Bridge Over the Water of Leith

A untended suspension footbridge spans the waters of Leith in an old Edinburgh neighborhood.

The Water of Leith flows out into the Firth of Forth.

Admit it — you know you smiled just reading that.

Historians claim that the world’s great cities have become great because they are built near water. Where there is water, living things collect and thrive. In places like these people drink their fill, plant to their need, and trade along the currents and waves that send boats on their way. Rivers in particular, are arteries that offer life to people and place alike.

Edinburgh is my favorite European city, in part thanks to its place upon the waters. The charming and small capital city of Scotland was built upon a not-so-famous river called the Water of Leith. It winds its way lazily through the city until it meets the local port, and then out into a bay called the Firth of Forth (the Scots specialize in precious names). What little time I spent near this river was biking along quiet but lush sidewalks where the water moved at a crawl. And the rest I spent near this bridge.

The Victoria Swing Bridge crosses the Water of Leith right at Edinburgh’s now sleepy seaport. This is where the fresh water meets the salt, leading out the Northern Sea. Ships travel from here to Denmark, Norway, Germany, the Netherlands or beyond. This Old Town Edinburgh area used to be home to a thriving shipyard and a great deal of industry, but much of that has dried up now in favor of other more lucrative work. The bridge itself is likely tired too, built back in 1874 to transport traffic and heavy machinery from one bank to the next. Now, newer and wider bridges have succeeded it for the sake of modern traffic, and this wrought iron antique remains in place.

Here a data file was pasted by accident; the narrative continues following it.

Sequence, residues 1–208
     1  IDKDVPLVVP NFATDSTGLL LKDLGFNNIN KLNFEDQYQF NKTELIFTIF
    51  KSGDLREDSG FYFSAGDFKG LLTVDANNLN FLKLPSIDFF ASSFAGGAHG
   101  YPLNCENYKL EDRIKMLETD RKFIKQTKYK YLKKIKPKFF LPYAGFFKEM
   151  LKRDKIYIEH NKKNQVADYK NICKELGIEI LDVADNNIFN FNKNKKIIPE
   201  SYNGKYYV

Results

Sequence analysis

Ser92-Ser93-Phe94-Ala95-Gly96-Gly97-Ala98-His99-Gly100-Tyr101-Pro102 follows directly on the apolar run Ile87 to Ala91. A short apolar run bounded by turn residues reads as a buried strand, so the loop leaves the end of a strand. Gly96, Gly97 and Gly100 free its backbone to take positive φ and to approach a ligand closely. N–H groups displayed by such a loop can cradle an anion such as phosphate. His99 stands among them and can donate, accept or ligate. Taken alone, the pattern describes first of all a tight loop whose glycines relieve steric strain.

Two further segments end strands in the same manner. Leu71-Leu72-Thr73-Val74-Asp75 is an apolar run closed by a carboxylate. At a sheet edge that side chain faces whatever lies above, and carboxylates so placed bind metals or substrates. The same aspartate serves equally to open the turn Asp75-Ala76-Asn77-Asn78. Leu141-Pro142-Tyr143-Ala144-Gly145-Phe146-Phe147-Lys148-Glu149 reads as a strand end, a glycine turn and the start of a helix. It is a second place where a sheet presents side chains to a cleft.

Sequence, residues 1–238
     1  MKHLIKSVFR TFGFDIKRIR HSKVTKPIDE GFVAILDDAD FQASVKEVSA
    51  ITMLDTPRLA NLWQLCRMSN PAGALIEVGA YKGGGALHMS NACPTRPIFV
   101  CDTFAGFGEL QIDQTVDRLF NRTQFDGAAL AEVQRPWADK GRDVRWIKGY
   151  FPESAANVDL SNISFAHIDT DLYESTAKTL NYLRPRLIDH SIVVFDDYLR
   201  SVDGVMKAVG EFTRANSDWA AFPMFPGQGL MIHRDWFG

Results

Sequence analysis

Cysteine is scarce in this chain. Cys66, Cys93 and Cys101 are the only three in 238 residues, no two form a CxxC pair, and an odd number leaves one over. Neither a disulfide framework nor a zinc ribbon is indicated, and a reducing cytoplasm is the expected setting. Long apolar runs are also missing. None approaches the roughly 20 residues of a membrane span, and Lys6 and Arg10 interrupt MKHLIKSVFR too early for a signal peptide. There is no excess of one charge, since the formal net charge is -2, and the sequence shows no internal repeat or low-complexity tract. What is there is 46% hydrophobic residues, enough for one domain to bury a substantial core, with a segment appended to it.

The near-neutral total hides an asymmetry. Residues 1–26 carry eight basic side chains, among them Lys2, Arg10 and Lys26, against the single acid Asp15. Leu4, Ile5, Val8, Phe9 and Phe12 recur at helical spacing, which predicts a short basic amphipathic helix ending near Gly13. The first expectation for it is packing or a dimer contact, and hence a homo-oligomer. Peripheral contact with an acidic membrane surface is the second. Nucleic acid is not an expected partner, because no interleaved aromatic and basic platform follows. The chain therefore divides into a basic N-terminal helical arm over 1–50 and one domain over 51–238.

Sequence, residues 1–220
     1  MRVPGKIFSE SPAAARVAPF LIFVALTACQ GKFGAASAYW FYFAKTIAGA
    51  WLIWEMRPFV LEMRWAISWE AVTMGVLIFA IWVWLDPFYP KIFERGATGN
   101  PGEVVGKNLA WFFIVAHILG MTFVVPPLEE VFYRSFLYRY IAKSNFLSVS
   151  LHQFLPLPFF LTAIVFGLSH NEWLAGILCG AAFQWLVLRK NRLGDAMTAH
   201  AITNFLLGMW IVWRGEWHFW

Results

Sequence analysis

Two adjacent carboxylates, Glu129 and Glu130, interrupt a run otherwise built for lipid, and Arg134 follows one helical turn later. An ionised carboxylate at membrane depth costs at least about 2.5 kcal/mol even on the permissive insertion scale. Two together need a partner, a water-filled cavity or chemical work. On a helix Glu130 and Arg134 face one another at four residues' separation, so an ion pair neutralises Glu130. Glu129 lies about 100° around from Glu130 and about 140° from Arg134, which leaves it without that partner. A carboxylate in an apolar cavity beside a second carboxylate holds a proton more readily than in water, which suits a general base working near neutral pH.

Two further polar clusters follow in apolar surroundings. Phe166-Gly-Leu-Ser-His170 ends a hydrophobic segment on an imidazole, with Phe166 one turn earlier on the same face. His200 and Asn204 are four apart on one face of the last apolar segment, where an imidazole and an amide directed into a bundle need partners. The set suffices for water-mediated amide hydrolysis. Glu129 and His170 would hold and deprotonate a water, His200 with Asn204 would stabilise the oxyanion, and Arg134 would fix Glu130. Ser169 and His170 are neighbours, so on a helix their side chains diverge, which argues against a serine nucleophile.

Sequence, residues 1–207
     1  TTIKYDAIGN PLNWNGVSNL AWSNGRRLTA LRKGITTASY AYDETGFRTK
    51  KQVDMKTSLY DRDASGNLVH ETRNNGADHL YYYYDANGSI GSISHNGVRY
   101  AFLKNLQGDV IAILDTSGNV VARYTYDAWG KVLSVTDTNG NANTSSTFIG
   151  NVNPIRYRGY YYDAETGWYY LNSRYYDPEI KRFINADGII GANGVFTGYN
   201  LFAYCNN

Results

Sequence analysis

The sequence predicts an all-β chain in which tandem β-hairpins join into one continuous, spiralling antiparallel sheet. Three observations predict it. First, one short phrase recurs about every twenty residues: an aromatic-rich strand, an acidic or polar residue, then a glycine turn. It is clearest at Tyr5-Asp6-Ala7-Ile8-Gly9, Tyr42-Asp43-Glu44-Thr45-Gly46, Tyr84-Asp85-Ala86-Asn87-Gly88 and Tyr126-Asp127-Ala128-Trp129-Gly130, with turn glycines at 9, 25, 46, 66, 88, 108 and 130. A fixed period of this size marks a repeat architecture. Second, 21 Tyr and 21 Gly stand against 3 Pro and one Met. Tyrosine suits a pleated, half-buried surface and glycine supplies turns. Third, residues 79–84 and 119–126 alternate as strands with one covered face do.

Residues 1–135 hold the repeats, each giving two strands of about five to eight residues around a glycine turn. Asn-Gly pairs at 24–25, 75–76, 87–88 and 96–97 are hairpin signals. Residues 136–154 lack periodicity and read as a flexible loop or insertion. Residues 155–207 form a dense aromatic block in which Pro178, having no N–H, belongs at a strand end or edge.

As my family and I walked across the bridge, I was struck at how this old and salty part of town had gentrified. While relics like the Victoria Swing Bridge remain in place, new apartment buildings and hip restaurants for local art students have sprouted here as well. Even classy boats that double as restaurants cling to the docks along this stretch of the Water of Leith.

Take a look at the photo above. I tried to capture a picture of this old-meets-new contrast from the perspective of the bridge. You see the old iron girders framing some of the new construction in an old part of town. You see the traffic in the distance, while the bridge is now closed to traffic other than those of us on foot or bike. And if you look in the top right corner, you’ll see what is probably the President and entire membership of the Victoria Swing Bridge fan club.

Thankfully, the Scots are conscious enough of their history that this bridge still stands. Perhaps it remains as some sort of reminder of the river’s legacy to this old city: a worthy river for a lovely city.

Are you one of those that has a soft spot for a bridge? If so, share this photo and then tell us which bridge is best in the comments below…

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